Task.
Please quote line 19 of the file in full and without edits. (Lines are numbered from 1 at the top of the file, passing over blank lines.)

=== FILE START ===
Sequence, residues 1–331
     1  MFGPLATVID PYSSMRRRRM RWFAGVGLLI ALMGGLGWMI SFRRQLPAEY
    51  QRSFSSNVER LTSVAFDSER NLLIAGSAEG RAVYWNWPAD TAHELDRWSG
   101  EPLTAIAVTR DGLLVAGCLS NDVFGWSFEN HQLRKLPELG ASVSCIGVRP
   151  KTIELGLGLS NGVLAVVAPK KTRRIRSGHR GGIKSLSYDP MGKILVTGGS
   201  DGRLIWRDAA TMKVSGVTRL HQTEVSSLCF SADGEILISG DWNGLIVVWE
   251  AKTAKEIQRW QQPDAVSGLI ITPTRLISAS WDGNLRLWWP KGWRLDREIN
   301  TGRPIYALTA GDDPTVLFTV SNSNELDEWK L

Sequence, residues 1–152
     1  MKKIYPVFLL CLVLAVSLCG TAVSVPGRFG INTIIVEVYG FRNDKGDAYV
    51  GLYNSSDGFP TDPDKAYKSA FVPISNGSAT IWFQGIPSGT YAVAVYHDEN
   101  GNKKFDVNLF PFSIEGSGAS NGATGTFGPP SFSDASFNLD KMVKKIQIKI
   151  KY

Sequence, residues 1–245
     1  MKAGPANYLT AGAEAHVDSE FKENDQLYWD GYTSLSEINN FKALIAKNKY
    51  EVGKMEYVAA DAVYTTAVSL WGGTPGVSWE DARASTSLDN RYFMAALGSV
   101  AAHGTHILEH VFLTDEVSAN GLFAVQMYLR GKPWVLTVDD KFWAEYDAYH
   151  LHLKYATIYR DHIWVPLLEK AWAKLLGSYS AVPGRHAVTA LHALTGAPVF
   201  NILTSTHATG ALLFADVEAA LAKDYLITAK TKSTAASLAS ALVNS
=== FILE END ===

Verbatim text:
   201  NILTSTHATG ALLFADVEAA LAKDYLITAK TKSTAASLAS ALVNS